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December 2019 (Vol. 4 Issue 10)

Exercise beats the blues—and genetics
About the author: 
Bryan Hubbard

Exercise beats the blues—and genetics image

People with chronic depression can ward off a new depressive episode with physical activity—and exercise even trumps a genetic predisposition for the problem.

It's yet another example that environment beats genes, say researchers from Massachusetts General Hospital. Just 35 minutes of any type of exercise—high-intensity, such as aerobic or dance, or low-intensity, such as yoga and stretching—every day reduces the risk of depression, or a further depressive episode, even in people with a genetic predisposition for the problem.

After searching a database of health information of around 8,000 people, the researchers discovered that those with a genetic risk were more likely to suffer depression over the following two years—unless they also exercised for around two hours a week.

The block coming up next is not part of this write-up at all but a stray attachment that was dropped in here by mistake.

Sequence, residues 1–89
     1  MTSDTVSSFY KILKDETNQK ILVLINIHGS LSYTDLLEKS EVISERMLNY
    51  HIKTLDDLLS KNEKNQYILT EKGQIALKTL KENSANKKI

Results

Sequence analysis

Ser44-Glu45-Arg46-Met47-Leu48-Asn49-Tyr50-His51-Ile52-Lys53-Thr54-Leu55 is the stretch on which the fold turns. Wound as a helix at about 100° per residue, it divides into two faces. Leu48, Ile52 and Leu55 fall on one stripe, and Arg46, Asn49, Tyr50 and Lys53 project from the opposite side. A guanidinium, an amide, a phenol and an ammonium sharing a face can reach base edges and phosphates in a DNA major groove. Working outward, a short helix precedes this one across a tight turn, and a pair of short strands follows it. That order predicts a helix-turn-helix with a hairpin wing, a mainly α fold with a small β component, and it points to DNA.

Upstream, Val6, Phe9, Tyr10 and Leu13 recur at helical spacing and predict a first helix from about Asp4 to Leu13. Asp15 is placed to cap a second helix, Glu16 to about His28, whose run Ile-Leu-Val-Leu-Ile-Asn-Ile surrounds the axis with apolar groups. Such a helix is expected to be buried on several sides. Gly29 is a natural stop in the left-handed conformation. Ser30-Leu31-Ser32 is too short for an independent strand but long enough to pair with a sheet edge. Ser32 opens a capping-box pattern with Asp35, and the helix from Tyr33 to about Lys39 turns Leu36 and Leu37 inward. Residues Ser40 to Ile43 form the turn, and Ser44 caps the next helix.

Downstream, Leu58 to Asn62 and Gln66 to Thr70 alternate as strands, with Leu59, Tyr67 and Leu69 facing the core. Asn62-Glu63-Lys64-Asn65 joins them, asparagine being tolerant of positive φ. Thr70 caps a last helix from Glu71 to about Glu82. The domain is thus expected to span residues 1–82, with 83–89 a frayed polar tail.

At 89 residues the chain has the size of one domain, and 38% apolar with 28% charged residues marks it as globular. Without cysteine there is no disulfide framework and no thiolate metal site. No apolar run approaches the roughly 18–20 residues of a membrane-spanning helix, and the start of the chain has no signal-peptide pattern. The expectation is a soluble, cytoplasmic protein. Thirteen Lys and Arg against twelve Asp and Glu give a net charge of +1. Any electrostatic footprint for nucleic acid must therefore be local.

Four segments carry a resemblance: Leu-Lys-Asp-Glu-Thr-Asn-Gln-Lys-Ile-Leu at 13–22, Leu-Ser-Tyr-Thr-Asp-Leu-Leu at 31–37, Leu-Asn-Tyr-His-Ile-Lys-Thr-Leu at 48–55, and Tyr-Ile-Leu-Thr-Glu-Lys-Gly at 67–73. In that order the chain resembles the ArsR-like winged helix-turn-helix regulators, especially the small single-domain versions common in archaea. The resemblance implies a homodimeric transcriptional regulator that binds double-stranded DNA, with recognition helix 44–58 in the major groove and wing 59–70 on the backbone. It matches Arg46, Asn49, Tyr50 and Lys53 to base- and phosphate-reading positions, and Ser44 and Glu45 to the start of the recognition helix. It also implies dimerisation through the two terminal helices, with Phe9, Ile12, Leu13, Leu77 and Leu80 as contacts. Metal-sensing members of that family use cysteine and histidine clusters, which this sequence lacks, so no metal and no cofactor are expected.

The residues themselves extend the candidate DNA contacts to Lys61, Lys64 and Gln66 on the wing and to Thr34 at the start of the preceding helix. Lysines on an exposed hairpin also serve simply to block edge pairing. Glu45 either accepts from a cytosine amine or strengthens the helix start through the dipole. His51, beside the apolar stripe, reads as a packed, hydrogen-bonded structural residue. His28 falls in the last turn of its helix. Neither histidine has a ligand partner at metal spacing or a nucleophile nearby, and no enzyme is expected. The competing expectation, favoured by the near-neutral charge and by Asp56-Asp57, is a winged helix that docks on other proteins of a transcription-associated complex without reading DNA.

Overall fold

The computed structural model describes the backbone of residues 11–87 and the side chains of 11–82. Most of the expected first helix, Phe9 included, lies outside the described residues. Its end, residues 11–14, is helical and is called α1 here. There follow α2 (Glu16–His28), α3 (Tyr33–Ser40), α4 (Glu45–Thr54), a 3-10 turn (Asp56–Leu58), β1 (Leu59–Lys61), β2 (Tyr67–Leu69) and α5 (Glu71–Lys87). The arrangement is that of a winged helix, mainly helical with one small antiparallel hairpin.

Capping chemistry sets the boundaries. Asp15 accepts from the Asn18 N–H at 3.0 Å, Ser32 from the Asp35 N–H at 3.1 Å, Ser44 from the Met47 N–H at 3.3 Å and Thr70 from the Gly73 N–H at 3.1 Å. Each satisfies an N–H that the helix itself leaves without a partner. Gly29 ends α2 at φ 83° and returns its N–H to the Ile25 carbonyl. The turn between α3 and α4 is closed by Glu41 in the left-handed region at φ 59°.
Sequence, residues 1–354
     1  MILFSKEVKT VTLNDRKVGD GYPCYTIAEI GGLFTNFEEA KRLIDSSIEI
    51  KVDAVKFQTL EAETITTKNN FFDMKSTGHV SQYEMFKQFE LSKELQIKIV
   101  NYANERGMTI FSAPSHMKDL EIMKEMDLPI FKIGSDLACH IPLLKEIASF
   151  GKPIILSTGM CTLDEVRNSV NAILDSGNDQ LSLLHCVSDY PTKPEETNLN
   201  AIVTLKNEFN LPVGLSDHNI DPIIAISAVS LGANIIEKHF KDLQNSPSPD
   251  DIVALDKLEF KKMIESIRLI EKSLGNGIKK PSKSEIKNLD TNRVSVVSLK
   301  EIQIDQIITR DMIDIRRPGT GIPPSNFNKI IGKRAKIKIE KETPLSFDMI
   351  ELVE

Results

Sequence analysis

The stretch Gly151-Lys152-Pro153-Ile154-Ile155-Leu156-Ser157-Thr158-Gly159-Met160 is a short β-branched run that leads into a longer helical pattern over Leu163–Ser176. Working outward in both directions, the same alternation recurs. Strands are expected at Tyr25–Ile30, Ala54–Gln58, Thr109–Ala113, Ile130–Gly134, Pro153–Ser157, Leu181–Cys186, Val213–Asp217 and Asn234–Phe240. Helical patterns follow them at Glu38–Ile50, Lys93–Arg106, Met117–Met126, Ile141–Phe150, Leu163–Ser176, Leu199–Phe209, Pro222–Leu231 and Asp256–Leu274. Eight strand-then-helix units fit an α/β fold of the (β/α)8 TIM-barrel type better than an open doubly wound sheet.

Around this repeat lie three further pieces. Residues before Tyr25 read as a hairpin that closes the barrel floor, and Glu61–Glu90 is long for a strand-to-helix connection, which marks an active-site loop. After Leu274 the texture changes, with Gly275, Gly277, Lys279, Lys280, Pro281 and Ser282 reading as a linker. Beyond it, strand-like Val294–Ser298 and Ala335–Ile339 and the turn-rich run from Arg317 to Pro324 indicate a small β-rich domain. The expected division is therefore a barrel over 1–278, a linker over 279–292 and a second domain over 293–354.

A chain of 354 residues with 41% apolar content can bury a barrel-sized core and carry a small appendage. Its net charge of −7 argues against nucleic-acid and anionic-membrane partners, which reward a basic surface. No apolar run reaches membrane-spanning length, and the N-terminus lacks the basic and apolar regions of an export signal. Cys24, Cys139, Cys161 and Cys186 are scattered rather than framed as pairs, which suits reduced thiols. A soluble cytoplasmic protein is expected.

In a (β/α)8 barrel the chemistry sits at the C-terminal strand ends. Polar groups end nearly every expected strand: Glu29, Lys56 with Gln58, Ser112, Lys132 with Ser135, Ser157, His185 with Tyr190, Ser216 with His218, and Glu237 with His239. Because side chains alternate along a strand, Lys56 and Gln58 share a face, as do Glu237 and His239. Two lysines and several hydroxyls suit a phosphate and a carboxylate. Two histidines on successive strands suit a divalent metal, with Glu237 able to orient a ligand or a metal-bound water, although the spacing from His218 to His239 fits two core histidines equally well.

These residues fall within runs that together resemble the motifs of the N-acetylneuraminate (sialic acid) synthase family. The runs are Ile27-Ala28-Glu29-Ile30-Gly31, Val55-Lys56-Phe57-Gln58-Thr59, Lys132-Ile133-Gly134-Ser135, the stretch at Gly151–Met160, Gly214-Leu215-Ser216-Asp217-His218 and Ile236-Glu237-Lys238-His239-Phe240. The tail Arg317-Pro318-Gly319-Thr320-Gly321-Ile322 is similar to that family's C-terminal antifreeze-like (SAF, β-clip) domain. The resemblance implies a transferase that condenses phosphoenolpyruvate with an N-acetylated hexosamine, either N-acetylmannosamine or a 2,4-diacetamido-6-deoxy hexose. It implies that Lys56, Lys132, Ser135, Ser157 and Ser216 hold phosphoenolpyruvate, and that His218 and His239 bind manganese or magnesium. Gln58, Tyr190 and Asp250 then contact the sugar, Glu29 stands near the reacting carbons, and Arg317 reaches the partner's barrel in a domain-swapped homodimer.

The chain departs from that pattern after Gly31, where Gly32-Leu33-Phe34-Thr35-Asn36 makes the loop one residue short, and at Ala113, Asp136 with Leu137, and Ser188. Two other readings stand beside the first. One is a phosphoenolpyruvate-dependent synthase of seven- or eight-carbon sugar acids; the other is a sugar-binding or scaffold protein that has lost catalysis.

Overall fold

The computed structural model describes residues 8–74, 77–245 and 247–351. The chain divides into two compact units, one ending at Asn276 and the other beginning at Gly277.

The risk reduces further the more that people exercise; each additional four hours of physical activity a week sees a 17 percent reduction in the risk of a new depressive episode.

Although depression is the leading cause of disability around the world, medicine has few, if any, longterm answers to the problem.

The researchers suspect that exercise will be just one of a range of options for countering depression, and their research is continuing into other approaches.


References

(Source: Depression and Anxiety, 2019; published online: https://doi.org/10.1002/da.22967)

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